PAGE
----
What Having Bruxism Really Means

When you grind your teeth every once in a while, there isn’t really much reason to worry about it. When healthy, your teeth can withstand an enormous amount of pressure without any harm being done to their enamel (protective outer layer). However, grinding your teeth constantly and consistently, especially when you don’t even realize it, can overwhelm even the healthiest and strongest of your teeth. At our Cleveland, TX, dental office, we can help you spot the signs of bruxism during your routine exam and cleaning appointment, and explain what the condition can mean for your smile. Then, we’ll work with you to devise the best treatment plan to help you stop grinding your teeth.

You can’t control your teeth-grinding

Bruxism involves involuntary action – specifically, the unconscious and uncontrolled grinding of your teeth. Unlike occasional teeth-grinding, it can often be caused by a potentially serious underlying oral health concern. For example, if your teeth are crooked, then your jaw may have trouble resting comfortably. It might spasm and force your teeth against each other, or simply cause you to grind your teeth as it shifts and tries to find a comfortable resting position. You may also grind your teeth incessantly while you sleep at night, when you can’t consciously stop yourself.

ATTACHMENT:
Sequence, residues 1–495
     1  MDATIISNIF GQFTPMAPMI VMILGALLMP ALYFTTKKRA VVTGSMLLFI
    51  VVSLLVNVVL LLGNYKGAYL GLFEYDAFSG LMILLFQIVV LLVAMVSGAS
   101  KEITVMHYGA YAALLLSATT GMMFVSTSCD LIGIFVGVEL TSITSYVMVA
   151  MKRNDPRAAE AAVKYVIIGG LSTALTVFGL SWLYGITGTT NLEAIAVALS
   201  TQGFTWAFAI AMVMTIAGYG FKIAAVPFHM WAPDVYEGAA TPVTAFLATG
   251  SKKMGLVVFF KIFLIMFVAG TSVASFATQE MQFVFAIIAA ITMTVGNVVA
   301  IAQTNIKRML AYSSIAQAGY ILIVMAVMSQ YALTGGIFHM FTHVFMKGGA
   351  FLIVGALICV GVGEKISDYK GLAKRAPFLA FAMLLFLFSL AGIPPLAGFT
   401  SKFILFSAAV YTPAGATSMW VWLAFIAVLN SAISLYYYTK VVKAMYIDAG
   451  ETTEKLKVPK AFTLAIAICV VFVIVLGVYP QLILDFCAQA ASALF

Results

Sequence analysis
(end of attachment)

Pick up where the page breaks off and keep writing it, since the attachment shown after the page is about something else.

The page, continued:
You’re wearing your teeth down

The highly mineralized and incredibly resilient enamel that protects your teeth isn’t indestructible. When exposed to the pressures of grinding, it can quickly wear down and become damaged, exposing your teeth to more serious forms of damage, or infection by harmful oral bacteria. The more you grind them together, the more severe the wear and damage become. If you don’t seek treatment in time, then you may require one or more restorative treatments to repair the damage by the time you visit your dentist’s office.

Your jaw can’t take the stress

Bruxism won’t stop on its own, and the longer you wait to treat it, the more serious it can become. Besides the potential damage to your teeth, the force generated every time they grind together can also damage your jaw’s joints. Known as the temporomandibular (TMJ) joints, they control your jaw’s movement and can become exhausted, overstressed, and damaged from constant pressure. The resulting discomfort, known as TMJ disorder, can often be debilitating.

Learn how to deal with bruxism

Bruxism could become a serious threat to your smile, but by seeking treatment as soon as possible, you can significantly lower that threat. To learn more, call our Cleveland Family Dentistry office in Cleveland, TX, today at (281) 592-1234. We proudly serve patients and their families from Cleveland, Kingwood, New Caney, Conroe, Livingston, Huffman, and all surrounding communities.